Hands-on science lessons bring classrooms to life in Blundeston
Pupils finding out if the temperature effects the light from a glow stick by using ice cubes and hot water in a darkened room.
Experiments, investigations and demonstrations are helping to bring fun to the classroom as practical science lessons transform learning for primary school children.
Blundeston Primary School science teacher Ed Davey taking a hands on science lesson with pupils. Pictures: James Bass
Two Lowestoft area primary schools are among several in Suffolk and Norfolk that are piloting a new approach, which embraces a ‘hands-on’ science teaching and learning system.
Teachers and pupils at Blundeston Primary and Corton Primary schools in Lowestoft are some of the first in the country to be trying out the new formula for teaching and learning about science.
They are working with the Empiribox Primary Science Trust (CIC), a not for profit social enterprise, as part of Empiribox’s initial field trial and early adopters program.
Blundeston Primary has been using the system for four terms, and among the staff comments about the system were “a fab session, making chemistry really fun and interactive” and “excellent that the experiments are demonstrated and then allow participation for trial”.
Ed Davey, science coordinator at the school in Church Road, Blundeston, said: “Our 100 Key Stage 2 pupils are already learning much more than before as the system is increasing their knowledge and skills through more practical experimentation and investigative work, with enough equipment to work in pairs or small groups every week.
“It will be a tremendous help to our pupils as they approach secondary school as they are developing a richer vocabulary, greater reasoning, and improved numeracy.”
Mr Davey, who has spent more than 10 years teaching science at primary level and has a formal science background, added: “In my previous teaching experience it had always been a struggle due to a lack of appropriate science resources but Empiribox provides all the equipment and materials in one place and the training provided gives teachers added confidence, even if they don’t have a science background.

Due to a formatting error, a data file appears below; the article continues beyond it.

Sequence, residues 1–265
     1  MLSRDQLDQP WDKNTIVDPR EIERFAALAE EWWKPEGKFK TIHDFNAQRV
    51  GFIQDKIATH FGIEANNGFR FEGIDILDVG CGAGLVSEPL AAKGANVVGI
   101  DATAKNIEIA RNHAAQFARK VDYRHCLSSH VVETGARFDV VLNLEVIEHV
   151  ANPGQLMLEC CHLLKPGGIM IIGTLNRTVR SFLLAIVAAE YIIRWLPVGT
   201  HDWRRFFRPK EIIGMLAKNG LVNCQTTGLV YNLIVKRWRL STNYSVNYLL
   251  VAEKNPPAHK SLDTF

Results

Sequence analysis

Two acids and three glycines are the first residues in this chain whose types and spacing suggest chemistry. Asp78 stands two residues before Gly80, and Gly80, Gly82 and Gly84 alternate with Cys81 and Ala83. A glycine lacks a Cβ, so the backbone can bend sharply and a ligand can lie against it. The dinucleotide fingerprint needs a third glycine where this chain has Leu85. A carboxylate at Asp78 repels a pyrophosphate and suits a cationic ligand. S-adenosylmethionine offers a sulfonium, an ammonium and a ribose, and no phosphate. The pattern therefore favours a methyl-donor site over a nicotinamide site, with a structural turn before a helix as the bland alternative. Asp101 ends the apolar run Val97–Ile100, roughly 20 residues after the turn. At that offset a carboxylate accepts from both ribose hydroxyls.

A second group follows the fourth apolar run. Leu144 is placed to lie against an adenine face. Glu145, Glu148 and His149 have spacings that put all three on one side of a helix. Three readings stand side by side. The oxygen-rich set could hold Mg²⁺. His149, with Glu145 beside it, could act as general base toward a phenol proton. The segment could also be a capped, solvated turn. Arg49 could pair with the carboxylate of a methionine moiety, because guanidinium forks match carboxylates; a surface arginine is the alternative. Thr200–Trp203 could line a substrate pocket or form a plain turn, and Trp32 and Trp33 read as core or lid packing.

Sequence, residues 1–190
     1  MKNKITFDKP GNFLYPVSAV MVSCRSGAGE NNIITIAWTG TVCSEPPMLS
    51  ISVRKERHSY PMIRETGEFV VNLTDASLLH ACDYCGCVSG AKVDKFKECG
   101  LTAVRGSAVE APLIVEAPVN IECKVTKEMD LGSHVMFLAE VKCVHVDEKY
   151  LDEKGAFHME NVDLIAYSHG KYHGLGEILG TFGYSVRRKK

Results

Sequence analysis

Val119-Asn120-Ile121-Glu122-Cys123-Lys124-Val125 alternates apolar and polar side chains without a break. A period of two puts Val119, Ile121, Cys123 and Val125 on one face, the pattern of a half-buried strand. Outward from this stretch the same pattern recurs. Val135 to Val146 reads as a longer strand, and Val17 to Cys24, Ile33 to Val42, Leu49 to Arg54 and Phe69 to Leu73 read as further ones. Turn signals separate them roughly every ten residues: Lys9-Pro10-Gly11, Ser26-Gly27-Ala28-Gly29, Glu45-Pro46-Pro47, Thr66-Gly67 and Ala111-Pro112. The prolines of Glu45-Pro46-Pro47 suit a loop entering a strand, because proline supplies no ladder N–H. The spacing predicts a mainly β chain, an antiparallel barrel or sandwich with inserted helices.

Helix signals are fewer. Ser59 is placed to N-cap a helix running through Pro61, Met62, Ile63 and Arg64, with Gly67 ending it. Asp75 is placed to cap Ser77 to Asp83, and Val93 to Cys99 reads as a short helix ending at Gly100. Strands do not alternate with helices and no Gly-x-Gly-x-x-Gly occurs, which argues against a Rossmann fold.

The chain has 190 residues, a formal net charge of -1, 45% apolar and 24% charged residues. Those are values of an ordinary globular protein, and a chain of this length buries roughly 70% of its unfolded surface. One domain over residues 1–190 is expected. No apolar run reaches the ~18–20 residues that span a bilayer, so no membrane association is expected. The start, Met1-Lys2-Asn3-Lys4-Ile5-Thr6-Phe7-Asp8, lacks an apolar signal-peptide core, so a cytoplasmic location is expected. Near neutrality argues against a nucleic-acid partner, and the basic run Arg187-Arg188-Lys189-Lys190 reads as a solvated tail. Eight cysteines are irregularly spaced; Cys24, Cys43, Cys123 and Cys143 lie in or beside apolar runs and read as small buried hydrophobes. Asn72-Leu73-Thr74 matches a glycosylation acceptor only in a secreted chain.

“Parents too are able to be involved at home with some of the experiments and I have already received positive feedback from several at our parent teacher meetings.”
The success of the Empiribox field trials, which has involved more than 50 primary schools nationwide – including academy chains and Academy Enterprise Trust organisations – means the enterprise behind the system will now be making it available to all primary schools in England and Wales.
Speaking about the practical investigation that the pupils were conducting while posing for these photographs, Mr Davey said: “Pupils have been learning about different types of energy and the focus has been on light energy.
“For the investigation, using equipment provided with the Empiribox system, they had to decide whether temperature affected the glow emitted from light sticks by comparing the results of placing them in iced and hot water.
“They then had to decide on how they were going to record their data. Some used a light meter, others took photos and others just used visual observations with their own scale of recording.”
Empiribox Primary Science Trust (CIC) is a not for profit social enterprise. As a Community Interest Company (CIC) it is committed to helping create a strong, sustainable and socially inclusive primary school education in England and Wales.
Former secondary school science head Dan Sullivan, founder and creator of Empiribox, said: “Primary school children respond much more positively to doing science rather than just being told how to do it. Our Empiribox system helps ensure all pupils move on to secondary school with a solid skills-set and grounding in practical science, while also improving their numeracy and literacy.”